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As President Obama’s trade agenda heads to Congress, new government figures show numerous U.S. trade deficits in trade policy-sensitive areas hit new annual or monthly records in 2014, including China, manufacturing, Korea and non-oil goods in both inflation- and non-inflation-adjusted terms. Since all deficit deterioration reduces U.S. growth and hiring, Congress should reject the President’s proposed new deals, as well as his request for new fast track negotiating authority, and focus on devising a new trade strategy that will strengthen, not weaken, the recovery and job creation.

Here are the highlights of this morning’s Census Bureau report on December and full-year 2014 U.S. Trade:

>The combined U.S. goods and services trade deficit surged in December by 17.12 percent on a monthly basis – the biggest such increase since the 24.36 percent rise in July, 2009, at the very beginning of the current economic recovery. The $6.81 billion deterioration, from an upwardly revised $39.75 billion to $46.56 billion, was also the biggest absolute increase on record.

>The December deficit, the highest monthly figure of 2014 and the worst since November, 2012, pushed the annual goods and services shortfall in 2014 to $505.05 billion – 6.02 percent higher than 2013’s total of $476.39 billion.

>The U.S. merchandise trade deficit with China fell by 5.47 percent in December, but the $28.30 billion gap brought the annual shortfall to a new record $342.63 billion – 7.51 percent higher than the previous record of $318.71 billion, set in 2013. U.S. goods exports to China increased only by 1.88 percent on year, the slowest rate since the recession year 2009.

>The U.S. trade gap in manufacturing hit a new all-time high in 2014 as well. The monthly deficit increased by 5.34 percent in December, from $62.47 billion to $65.81 billion, bringing the annual shortfall to $733.90 billion. That figure topped 2013’s then-record deficit of $646.77 billion by 13.47 percent.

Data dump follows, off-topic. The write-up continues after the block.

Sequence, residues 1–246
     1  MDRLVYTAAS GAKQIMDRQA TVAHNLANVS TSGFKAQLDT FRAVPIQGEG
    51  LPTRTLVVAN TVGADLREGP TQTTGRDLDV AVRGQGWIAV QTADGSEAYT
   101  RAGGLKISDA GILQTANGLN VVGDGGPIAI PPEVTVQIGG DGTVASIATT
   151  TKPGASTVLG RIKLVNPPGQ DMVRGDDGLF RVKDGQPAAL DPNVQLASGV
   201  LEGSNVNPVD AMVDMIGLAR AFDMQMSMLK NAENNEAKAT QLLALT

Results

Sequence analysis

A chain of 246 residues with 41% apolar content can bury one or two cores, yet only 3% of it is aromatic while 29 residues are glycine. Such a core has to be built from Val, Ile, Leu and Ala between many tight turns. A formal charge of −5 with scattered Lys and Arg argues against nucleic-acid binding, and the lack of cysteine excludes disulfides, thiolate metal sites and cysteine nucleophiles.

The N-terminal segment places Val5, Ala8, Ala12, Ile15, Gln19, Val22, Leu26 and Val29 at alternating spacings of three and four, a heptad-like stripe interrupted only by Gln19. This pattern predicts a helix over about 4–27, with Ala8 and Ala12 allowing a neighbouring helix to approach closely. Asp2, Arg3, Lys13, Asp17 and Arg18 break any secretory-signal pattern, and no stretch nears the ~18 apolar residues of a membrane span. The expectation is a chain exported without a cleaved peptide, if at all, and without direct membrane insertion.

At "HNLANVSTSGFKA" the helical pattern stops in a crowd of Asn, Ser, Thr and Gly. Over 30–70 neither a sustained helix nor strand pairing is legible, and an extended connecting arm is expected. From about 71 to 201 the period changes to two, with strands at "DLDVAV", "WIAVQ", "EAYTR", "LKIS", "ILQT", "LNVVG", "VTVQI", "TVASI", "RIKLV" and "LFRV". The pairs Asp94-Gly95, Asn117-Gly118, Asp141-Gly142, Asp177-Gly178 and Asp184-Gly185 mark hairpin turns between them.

>U.S. manufacturing exports rose by only 0.85 percent last year, to $1.19338 trillion.

>America’s merchandise trade deficit with new free trade partner Korea decreased by 20.72 percent in December, with the $2.224 billion total representing the smallest since August. But the annual deficit worsened by 21.24 percent, to a new record $25.06 billion. In 2012, when the deal went into effect (in March), the U.S. Merchandise deficit was $16.64 billion. The Obama administration calls the U.S.-Korea Free Trade Agreement its model for the proposed Trans-Pacific Partnership (TPP).

>U.S. goods exports to Korea rose by 6.78 percent from 2013 to 2014, but the much larger amount of merchandise imports increased by 11.57 percent.

>Since 2012, U.S. merchandise exports to Korea are up only 5.39 percent, while American imports have risen by 18.17 percent, meaning that the goods deficit has increased by 50.65 percent.

>The U.S. non-oil goods deficit also hit monthly and annual records both before and after inflation. The inflation-adjusted non-oil figure is especially important, since it is part of the real gross domestic product calculation. And both figures represent that portion of U.S. trade flows that are significantly shaped by the kinds of trade agreements, and other trade policy decisions, that Congress is likely to consider this spring.

>The December inflation-adjusted non-oil goods trade deficit of $49.98 billion was the highest monthly total on record. Because this figure has been strong all year, the annual 2014 total of $551.80 billion was also the biggest ever recorded.

>By contrast, the full-year 2014 inflation-adjusted oil deficit of $114.01 billion beat 2013’s previous record low of $132.20 billion by 13.76 percent. This trade shortfall has dropped annually since 2005.

>Before inflation, the U.S. oil trade deficit in December rose on a monthly basis by 27.05 percent, from $11.59 billion to $14.72 billion. But on an annual basis, this trade deficit decreased by 18.65 percent, from $232.13 billion to $188.84 billion – the lowest level since the recession year 2009.

>Overall, U.S. goods and services exports fell in December by 0.78 percent, from $196.43 billion in November to $194.88 billion, the lowest monthly total since April.

>For the full year, combined U.S. exports increased by 2.86 percent, to a new all-time high of 2.345424 trillion from 2013’s $2.280194 trillion.

>U.S. total imports hit a new annual record, too – $2.850471 trillion. That performance topped the previous record of $2.756586 billion, set in 2013, by 3.41 percent. On a monthly basis, combined American imports increased by 2.23 percent in December, to an $244.44 billion – another all-time high.

 

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